If this calculation is applied to Iraq, it would only be allowed to produce about 3.5 million bpd, he said. However, Iraq believes it should be compensated as a result of having under-produced for a number of years, to the benefit of other OPEC members.

Since 2003 Iraq has had to import 40% of its gasoline from neighboring countries because of the inability of Iraqi refineries to provide the level of production to support even the domestic market. This means Iraq is missing out on the billions of dollars that could be made through sales of petrol and other refined products rather than crude oil.

Problems also arise from the failure of the last Iraqi Government to pass a new oil and gas law which would have seen the clearer demarcation of responsibilities of the different bodies. Currently the Oil Ministry and the Federal Oil Council have overlapping roles, leading to disputes about who should make final decisions and often delaying major projects.

Iraq’s oil production is increasing at an impressive rate; improvements to infrastructure have made sure of this. But compared with others, such as neighbor Saudi Arabia, they are way behind, and it will take much longer than the government projects to catch up.

By Patrick Smith, with contributions from Jaafar al-Wannan.

Iraq’s biggest oil fields

1) Rumaila - 18bn barrels of oil - BP, China National Petroleum Corporation, Iraqi state-owned SOMO.
Current production: 1.1m barrels per day
Target production: 2.85m barrels per day
This is one of the largest oil fields in the world. However, the service contracts awarded to BP and its partners are not believed to be particularly favorable to the foreign companies. It appears that they may view their operation and development of the field as a "foot in the door" with the authorities in charge of Iraq's oil riches.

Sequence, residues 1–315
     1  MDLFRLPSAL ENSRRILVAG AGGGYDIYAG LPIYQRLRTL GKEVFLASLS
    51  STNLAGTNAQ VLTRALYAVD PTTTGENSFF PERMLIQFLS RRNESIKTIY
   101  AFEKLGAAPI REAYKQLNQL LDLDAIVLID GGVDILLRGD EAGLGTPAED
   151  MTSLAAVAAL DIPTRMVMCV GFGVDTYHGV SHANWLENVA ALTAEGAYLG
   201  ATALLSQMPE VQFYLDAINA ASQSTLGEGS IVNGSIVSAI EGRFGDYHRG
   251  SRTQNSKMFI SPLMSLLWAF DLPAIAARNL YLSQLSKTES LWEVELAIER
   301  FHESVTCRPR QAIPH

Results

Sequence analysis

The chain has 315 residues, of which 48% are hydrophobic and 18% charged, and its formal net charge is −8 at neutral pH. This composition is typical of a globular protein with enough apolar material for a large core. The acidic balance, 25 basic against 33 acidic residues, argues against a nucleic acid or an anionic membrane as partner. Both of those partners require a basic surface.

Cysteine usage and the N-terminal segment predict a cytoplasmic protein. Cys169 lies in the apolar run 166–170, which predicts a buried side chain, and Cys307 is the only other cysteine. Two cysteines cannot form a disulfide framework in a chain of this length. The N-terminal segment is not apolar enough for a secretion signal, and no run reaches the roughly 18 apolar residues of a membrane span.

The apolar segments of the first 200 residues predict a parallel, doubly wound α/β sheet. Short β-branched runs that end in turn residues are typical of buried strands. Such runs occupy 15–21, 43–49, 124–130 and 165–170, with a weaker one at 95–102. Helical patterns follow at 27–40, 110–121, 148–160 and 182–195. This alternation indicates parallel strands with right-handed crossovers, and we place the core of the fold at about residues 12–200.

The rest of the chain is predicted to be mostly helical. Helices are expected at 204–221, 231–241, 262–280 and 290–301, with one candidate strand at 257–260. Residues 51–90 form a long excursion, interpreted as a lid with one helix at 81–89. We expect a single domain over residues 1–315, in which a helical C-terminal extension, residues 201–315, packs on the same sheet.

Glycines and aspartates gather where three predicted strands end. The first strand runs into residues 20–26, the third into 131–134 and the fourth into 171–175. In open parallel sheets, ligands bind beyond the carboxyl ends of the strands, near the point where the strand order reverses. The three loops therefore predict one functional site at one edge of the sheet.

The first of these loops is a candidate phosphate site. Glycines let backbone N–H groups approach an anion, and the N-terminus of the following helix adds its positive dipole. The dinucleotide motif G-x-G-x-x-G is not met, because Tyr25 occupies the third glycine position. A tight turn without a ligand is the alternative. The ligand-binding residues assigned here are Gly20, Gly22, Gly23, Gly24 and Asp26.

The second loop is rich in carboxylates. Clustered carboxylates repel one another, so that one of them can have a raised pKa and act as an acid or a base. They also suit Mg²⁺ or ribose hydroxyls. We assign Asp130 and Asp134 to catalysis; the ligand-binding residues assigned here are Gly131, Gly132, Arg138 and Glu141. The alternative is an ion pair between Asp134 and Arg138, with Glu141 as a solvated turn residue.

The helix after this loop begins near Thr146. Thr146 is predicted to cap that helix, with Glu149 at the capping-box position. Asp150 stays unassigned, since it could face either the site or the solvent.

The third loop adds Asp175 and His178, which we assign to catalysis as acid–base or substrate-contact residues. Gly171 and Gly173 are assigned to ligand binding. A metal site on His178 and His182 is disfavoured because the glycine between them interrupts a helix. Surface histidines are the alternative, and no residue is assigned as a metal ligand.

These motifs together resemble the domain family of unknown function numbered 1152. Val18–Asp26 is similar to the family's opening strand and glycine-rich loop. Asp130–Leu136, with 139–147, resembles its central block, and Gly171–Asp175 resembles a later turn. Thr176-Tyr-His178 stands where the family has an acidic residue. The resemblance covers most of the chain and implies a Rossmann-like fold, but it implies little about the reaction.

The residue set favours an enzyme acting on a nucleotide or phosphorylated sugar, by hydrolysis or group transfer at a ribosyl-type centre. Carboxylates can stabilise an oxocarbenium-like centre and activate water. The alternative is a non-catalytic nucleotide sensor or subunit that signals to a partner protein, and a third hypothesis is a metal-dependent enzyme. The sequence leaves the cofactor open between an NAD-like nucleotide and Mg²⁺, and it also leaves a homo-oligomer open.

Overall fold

2) West Qurna II - 13bn barrels of oil - Lukoil, Statoil, Oil Exploration Co
Current production: Nothing
Target production: 1.8m barrels per day

3) Majnoon - 12.6bn barrels of oil - Royal Dutch Shell, Petronas, Misan Oil
Current production: 55,000 barrels per day
Target production: 1.8m barrels per day

4) Kirkuk - 8.7bn barrels of oil - Iraq Petroleum Company
Current production: 1m barrels per day
Target production: -
This field is in Iraq's semi-autonomous Kurdistan region and has been a major producer since the 1930s.

5) West Qurna I - 8bn barrels of oil - ExxonMobil, Royal Dutch Shell, Iraqi state-owned NOC
Current production: 270,000 barrels per day
Target production: 2.35m barrels per day

6) Zubair - 4bn barrels of oil - Eni, Occidental, Misan Oil, Kogas
Current production: 205,000 barrels per day
Target production: 1.2m barrels per day